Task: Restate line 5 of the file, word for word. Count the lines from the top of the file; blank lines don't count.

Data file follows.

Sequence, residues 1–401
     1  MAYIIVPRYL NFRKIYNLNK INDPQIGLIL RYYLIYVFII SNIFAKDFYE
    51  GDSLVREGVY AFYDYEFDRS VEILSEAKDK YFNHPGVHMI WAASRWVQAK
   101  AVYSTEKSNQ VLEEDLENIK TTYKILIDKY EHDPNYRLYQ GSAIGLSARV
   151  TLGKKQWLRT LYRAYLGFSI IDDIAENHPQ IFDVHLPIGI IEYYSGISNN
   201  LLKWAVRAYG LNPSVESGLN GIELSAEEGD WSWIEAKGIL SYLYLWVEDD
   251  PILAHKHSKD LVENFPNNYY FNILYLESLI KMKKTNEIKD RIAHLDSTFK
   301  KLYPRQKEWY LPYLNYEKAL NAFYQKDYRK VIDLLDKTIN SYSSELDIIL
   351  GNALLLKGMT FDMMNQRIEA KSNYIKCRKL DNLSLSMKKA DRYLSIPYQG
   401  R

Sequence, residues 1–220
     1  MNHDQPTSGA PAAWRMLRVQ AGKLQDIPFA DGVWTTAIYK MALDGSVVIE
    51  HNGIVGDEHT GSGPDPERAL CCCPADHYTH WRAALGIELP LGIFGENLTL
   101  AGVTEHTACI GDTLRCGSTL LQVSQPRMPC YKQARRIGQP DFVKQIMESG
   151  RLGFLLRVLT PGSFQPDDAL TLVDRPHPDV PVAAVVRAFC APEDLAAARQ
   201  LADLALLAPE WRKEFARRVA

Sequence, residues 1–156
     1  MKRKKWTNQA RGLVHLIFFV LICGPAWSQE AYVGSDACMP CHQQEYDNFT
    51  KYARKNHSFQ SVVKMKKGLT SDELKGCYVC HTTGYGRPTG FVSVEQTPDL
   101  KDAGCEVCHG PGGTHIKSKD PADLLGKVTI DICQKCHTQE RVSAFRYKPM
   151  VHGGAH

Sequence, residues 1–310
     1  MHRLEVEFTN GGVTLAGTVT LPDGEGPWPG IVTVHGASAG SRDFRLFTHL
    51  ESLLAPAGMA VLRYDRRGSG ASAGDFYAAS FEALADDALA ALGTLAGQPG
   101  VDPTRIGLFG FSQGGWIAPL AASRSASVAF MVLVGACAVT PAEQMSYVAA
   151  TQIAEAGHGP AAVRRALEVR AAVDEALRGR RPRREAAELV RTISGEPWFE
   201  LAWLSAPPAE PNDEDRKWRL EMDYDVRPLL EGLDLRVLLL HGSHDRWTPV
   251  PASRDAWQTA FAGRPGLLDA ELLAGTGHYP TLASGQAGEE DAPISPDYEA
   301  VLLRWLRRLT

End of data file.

   151  TLGKKQWLRT LYRAYLGFSI IDDIAENHPQ IFDVHLPIGI IEYYSGISNN